To hold opposing truths in one’s heart is a beautiful thing; to find resonance within contradiction is a liberating force that opens one’s mind to a wide world of possibilities. Life lived in black and white is a bland, simple world, after all: everything interesting in life happens in the gray space in between.
There is nothing outwardly in conflict between Rules #26 and #65, but within the application of Rule #26 we run the risk of violating Rule #65. Whenever storing one’s bicycle, whether for the evening or for an extended period of time, one is to take care to place the chain in a little-little configuration. This is done by Pro racers out of respect for their mechanic by making their life just a little bit easier when they remove the wheels before getting the bike a clean and sparkling for the next day’s training or racing.
We, the humble plonkers, presumably don’t have a personal or team mechanic who rubs our beloved steed with a diaper post-ride. But there lurks another reason why this practice is an important one to undertake: leaving the chain in the big dog and mid or high cassette as we would when gussying our girl up to be photographed puts the springs in the derailleurs under tension, causing them to wear out more quickly. Placing them little-little leaves them nice and relaxed, all rested up for your next soul crushing session.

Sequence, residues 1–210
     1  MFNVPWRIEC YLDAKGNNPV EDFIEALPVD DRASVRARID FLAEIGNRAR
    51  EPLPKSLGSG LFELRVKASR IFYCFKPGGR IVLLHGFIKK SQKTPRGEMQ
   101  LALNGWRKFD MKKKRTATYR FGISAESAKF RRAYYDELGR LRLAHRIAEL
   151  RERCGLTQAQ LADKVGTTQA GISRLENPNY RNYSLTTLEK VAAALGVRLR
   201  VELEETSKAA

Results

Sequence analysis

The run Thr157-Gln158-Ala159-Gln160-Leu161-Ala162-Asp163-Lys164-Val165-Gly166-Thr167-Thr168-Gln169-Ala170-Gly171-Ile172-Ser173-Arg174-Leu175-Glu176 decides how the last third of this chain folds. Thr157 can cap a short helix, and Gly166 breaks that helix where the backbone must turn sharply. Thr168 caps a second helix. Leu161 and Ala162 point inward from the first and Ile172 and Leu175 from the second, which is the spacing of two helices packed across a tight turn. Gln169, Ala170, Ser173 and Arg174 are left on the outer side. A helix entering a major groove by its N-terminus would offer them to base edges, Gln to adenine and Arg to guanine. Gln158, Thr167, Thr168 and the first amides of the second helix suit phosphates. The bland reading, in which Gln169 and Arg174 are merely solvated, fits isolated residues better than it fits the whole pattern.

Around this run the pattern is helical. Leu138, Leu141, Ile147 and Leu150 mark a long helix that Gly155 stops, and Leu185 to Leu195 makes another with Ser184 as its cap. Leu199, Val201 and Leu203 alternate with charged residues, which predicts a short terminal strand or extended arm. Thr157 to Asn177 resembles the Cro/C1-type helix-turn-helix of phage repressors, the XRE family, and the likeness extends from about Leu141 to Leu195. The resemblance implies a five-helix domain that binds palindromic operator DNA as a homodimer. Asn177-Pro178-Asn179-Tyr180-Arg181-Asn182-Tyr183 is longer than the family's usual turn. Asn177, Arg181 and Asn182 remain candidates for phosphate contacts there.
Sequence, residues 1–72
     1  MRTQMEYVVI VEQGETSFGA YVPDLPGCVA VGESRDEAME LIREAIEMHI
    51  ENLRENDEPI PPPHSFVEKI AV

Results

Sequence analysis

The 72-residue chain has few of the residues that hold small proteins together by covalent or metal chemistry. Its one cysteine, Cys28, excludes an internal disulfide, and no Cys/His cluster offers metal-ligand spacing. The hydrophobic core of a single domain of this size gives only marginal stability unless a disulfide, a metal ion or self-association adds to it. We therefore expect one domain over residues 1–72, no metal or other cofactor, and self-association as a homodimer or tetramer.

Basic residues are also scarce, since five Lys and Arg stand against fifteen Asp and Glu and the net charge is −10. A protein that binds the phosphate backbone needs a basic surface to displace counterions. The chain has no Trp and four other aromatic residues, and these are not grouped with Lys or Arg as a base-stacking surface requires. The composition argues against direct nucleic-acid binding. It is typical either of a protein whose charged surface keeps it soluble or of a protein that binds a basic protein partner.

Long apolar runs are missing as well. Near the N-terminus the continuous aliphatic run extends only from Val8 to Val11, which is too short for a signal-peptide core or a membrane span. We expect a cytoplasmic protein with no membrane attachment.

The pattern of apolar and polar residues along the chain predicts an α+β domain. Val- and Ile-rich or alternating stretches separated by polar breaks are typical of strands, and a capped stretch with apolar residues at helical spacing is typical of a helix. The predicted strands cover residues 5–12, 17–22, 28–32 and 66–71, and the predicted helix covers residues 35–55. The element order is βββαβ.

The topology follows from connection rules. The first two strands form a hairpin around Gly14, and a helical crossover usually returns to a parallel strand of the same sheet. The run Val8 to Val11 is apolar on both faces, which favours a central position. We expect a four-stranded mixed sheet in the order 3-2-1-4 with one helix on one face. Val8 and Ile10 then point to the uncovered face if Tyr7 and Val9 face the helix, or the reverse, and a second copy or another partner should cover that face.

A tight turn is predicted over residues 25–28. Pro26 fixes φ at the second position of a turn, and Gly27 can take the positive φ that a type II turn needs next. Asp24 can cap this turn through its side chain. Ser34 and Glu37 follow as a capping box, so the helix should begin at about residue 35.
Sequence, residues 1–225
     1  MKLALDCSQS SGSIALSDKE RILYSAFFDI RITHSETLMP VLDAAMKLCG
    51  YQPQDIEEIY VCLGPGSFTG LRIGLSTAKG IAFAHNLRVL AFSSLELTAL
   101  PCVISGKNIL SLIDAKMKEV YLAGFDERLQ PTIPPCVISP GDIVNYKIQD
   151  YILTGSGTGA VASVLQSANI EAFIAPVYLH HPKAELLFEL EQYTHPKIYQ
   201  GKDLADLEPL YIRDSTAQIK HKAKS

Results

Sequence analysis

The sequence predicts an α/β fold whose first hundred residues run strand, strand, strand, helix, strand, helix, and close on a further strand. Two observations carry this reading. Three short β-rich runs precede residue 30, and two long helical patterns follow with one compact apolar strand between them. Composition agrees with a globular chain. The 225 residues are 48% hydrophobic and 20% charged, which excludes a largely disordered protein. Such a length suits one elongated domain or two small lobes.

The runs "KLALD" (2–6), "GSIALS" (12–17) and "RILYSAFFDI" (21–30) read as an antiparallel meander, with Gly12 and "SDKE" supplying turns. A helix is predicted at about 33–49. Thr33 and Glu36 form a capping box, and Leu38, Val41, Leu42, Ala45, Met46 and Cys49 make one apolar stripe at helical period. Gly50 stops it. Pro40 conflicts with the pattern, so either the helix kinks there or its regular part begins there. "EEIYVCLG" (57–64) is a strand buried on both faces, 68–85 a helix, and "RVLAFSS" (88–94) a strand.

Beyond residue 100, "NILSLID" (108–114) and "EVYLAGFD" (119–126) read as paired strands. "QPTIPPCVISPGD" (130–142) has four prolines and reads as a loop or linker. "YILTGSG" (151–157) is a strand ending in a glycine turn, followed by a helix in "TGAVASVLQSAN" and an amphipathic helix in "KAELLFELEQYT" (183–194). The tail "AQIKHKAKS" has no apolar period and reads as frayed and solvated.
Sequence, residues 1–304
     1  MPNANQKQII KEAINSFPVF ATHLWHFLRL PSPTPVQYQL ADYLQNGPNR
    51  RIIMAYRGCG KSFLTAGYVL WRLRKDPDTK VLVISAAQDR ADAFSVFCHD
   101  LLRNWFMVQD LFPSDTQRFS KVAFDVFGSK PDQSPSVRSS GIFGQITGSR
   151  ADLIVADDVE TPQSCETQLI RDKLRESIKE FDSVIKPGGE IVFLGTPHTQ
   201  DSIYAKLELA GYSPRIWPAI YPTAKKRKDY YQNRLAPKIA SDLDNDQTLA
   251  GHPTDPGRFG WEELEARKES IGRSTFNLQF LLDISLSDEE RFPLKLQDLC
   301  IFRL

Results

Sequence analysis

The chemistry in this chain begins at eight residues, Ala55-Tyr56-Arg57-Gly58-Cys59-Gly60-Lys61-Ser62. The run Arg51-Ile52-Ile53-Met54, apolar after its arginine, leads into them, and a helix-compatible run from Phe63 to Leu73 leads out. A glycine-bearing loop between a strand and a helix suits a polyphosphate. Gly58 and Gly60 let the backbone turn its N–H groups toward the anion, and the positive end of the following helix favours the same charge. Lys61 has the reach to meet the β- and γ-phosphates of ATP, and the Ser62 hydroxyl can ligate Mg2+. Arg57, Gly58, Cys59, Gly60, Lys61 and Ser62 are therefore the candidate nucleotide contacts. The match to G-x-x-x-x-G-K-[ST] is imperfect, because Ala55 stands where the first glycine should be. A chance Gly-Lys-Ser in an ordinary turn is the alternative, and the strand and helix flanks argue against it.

I can not overstate that this in no way allows us to photograph or allow someone else to photograph our steed in this relaxed state, much like we would not allow ourselves to be photographed while laying on the couch wearing compression socks and moaning about our guns.
Bicycles must adhere to the Principle of Silence and as such must be meticulously maintained. It must be cherished, and when leaning it against a wall, must be leaned carefully such that only the bars, saddle, or tires come in contact with the wall or post. This is true even when dismounting prior to collapsing after the World Championship Time Trial. No squeaks, creaks, or chain noise allowed. Only the soothing hum of your tires upon the tarmac and the rhythm of your breathing may be audible when riding. When riding the Pave, the sound of chain slap is acceptable. The Principle of Silence can be extended to say that if you are suffering such that your breathing begins to adversely affect the enjoyment of the other riders in the bunch, you are to summarily sit up and allow yourself to be dropped.10